Autumn is here with the low light angle, fallen leaves, cool temps, and all the things I love about the season. It's a good time to do nature studies.
Sunday, September 30, 2012
Saturday, September 29, 2012
I don't usually take macro photos with a point-and-shoot camera. However, I'm learning how my Sony RX-100 performs with all sorts of situations. I've not had a point-and-shoot for a couple of years, and I decided last month to buy one at B&H photo when we were in New York for Michael and Tania's wedding. So far, I like the camera for general applications, but I'm not crazy about it for macros. Sometimes you get lucky, but I think doing macros are easier for me with a DSLR.
Friday, September 28, 2012
Most people never think of bee tongues, so here's a picture of a bee sipping nectar. There are short- and long-tongued bees, and flowers have shapes and sizes adapted to the various bees that are their pollinators. It's kind of an evolutionary arms race. Flowers need pollinators to help with their reproduction, but they need to minimize the cheating for their floral rewards. Pollinators need to out compete each other to secure the nectar and pollen before their rivals. This relationship between flowers and pollinators has resulted in the great diversity of flower shapes, sizes, scent, nectar content, etc. I think the whole thing is pretty cool.....
Thursday, September 27, 2012
This butterfly has very short antennae and an unusual conformation to its wings. It really puzzled me for awhile when I was trying to identify it. Seen at Whetstone Prairie last weekend.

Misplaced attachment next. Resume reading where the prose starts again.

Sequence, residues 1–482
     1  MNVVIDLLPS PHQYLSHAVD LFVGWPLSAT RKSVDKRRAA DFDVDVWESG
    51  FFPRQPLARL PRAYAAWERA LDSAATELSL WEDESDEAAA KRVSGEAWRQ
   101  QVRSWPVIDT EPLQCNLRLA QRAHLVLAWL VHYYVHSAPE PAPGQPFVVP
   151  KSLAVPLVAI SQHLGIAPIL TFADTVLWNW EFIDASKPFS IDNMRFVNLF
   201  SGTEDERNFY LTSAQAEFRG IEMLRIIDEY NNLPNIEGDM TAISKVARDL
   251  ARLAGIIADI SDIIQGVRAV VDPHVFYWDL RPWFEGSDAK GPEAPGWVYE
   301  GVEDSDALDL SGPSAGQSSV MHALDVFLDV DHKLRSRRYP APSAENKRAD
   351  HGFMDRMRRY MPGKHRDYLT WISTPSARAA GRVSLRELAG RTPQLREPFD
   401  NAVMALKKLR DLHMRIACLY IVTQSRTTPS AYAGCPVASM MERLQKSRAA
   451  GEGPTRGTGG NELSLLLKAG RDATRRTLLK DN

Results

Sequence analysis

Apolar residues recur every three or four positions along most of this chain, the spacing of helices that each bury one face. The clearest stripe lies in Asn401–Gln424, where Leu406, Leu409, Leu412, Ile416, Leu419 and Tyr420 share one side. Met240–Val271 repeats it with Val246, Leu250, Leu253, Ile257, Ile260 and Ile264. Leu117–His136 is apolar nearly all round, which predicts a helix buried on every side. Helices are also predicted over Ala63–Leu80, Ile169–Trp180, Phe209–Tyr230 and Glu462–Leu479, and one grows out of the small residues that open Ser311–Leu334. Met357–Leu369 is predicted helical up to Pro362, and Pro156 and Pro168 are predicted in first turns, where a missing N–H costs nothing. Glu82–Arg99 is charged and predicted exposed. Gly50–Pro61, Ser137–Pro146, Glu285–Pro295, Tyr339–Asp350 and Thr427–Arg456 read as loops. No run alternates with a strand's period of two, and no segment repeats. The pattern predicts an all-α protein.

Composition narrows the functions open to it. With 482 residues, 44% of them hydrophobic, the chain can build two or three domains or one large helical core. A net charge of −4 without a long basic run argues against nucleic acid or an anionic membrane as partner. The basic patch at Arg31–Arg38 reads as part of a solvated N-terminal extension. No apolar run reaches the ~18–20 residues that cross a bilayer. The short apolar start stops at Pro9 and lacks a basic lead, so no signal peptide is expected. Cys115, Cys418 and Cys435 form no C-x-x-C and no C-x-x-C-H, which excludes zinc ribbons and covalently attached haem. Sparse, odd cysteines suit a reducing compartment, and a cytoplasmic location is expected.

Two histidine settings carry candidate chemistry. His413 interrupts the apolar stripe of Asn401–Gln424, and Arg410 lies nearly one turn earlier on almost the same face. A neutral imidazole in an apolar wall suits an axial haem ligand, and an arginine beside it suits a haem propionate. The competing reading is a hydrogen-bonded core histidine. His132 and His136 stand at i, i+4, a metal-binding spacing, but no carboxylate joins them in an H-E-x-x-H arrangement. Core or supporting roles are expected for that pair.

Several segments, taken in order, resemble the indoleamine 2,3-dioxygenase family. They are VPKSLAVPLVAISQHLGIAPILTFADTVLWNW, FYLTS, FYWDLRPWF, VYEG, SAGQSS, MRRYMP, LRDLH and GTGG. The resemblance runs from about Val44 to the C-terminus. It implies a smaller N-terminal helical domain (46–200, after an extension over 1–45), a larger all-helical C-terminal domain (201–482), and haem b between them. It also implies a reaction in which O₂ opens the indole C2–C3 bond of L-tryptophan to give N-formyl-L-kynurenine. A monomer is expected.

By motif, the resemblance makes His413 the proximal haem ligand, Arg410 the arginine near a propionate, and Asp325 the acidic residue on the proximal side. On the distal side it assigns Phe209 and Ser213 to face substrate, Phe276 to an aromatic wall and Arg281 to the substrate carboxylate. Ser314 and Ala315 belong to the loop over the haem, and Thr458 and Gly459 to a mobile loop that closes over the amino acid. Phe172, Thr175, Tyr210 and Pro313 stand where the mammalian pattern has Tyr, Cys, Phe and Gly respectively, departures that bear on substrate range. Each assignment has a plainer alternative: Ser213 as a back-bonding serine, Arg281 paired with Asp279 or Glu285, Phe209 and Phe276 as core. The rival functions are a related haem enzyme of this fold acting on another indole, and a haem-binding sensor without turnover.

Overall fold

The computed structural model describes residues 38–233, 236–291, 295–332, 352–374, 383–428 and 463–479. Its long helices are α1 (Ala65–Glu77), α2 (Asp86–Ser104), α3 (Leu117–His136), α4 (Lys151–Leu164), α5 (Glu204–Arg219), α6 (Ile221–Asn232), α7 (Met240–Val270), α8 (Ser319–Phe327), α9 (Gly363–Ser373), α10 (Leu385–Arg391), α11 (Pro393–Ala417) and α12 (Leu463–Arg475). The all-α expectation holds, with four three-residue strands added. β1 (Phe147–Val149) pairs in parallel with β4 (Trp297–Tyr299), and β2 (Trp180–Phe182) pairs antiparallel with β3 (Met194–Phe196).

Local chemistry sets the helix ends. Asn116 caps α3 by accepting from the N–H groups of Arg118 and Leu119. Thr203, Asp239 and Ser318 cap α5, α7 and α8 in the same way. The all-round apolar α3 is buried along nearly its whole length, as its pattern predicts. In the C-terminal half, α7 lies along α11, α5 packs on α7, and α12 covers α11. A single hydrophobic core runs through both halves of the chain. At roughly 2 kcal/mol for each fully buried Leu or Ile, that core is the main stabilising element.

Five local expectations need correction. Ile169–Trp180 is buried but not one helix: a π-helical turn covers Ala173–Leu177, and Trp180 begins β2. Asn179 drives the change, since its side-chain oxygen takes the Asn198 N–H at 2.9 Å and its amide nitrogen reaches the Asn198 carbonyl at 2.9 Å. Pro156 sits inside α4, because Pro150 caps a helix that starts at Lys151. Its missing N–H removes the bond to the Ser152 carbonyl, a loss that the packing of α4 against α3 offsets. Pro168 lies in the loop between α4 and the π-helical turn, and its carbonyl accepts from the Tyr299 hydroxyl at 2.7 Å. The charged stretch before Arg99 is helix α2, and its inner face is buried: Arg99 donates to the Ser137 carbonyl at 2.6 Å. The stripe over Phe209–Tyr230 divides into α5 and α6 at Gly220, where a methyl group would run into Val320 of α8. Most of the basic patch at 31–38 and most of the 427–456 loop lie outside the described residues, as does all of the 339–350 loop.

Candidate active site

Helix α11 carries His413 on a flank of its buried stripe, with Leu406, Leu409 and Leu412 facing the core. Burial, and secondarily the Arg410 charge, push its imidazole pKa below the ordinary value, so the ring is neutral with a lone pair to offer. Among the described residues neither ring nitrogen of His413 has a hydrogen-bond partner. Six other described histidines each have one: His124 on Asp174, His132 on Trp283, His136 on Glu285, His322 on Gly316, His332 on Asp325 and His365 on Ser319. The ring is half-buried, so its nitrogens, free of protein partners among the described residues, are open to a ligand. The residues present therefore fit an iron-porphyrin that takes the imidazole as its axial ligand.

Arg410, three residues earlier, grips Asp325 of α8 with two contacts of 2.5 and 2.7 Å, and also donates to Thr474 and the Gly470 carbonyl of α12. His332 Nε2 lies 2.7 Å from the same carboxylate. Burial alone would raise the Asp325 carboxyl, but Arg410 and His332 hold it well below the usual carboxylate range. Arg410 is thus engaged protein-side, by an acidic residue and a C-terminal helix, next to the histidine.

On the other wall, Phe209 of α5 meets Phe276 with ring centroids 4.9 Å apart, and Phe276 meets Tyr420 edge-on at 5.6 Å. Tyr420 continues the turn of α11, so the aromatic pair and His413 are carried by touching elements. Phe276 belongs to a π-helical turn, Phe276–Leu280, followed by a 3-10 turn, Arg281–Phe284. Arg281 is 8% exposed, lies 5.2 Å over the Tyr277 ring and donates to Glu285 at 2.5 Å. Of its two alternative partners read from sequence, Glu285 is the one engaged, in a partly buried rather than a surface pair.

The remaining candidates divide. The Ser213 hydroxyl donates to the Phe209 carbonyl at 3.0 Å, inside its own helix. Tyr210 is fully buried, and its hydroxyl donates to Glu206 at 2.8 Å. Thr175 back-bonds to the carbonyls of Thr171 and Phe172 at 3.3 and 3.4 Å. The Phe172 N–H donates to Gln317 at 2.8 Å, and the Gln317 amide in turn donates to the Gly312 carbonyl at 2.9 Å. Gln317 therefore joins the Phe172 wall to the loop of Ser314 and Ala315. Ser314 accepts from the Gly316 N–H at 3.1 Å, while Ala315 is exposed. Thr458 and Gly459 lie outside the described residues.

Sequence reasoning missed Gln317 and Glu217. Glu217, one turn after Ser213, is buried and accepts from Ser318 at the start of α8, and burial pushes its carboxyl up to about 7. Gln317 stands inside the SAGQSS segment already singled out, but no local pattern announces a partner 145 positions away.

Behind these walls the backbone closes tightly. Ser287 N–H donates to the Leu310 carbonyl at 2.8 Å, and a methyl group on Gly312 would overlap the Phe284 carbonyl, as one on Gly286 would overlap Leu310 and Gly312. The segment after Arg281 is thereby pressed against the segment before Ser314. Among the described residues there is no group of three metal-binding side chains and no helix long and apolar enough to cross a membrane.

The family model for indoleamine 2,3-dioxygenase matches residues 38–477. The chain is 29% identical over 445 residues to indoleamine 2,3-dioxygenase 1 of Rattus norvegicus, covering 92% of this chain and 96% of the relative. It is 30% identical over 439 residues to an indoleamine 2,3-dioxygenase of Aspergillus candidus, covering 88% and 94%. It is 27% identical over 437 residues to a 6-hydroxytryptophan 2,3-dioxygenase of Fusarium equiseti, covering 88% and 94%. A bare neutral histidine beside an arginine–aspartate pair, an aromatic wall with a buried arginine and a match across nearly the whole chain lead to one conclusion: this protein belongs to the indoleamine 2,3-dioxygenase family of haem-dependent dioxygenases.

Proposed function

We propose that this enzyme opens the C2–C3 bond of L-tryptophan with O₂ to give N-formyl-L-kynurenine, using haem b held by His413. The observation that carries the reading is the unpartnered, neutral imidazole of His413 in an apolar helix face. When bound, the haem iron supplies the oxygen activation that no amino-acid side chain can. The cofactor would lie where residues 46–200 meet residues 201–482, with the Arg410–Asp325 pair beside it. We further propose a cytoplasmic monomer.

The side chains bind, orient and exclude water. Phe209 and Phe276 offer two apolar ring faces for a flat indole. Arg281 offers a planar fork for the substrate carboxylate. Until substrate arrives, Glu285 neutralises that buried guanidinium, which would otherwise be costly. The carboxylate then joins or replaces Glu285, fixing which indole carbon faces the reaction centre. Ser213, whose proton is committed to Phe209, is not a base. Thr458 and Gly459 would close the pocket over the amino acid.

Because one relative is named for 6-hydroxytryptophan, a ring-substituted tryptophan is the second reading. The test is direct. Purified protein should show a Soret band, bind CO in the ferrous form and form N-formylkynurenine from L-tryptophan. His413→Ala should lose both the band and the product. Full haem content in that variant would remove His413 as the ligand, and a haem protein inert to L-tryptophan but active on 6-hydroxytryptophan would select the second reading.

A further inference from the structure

Wednesday, September 26, 2012
Another sure sign that summer is over and autumn is upon us. During the summer these were lovely thistles in shades of blue and purple. Now they look as if someone has come along and twisted the bracts into elaborate sculptures.
Tuesday, September 25, 2012
Last month, while in New York, we visited B&H photo. I wanted to get a new point-and-shoot camera to replace the Canon S90 I lost a few years back while traveling. I bought a Sony RX100, which has all sorts of cool features built in, including a panorama setting. You move the camera while holding down the shutter button and it takes a continuous stream of photos and stitches them together. You have to hold the camera at the same level while moving - a bit of a challenge to do without a tripod.
This scene is a river reflection of the trees on the far bank with the blue sky and clouds. It looks very impressionistic to me - all from the ripples in the "mirror" of the river.
Monday, September 24, 2012
Steve and I spent a couple of hours at Whetstone Prairie yesterday morning. I still had my Canon EF 100 mm f/2.8L lens on the camera and so spent my time doing macro photography. The bees are really active this time of year - foraging for nectar and pollen to furnish their hives for the long cold season when nectar will not be available. In this image you can see the bee's tongue probing one of the tubular flowers of the inflorescence typical of the sunflower family. The bee has grasped the pistil of the flower to steady itself in the wind.
Sunday, September 23, 2012
Saturday, September 22, 2012
When I was at Glacier Ridge Metro Park last Sunday afternoon, I spent most of my time from 6 pm until sunset working a very small patch of vegetation. If you sit still in a natural area, your eye begins to see the diversity of insects traveling through the understory of plants in the area. This butterfly seemed to be soaking up the last rays of sunshine on a semi-chilly afternoon.
Friday, September 21, 2012
Spotted at Glacier Ridge Metro Park last Sunday evening. Legumes have dry fruits that dehisce along their length in order to disperse their seeds. This is as classic an example as I've seen in a long time.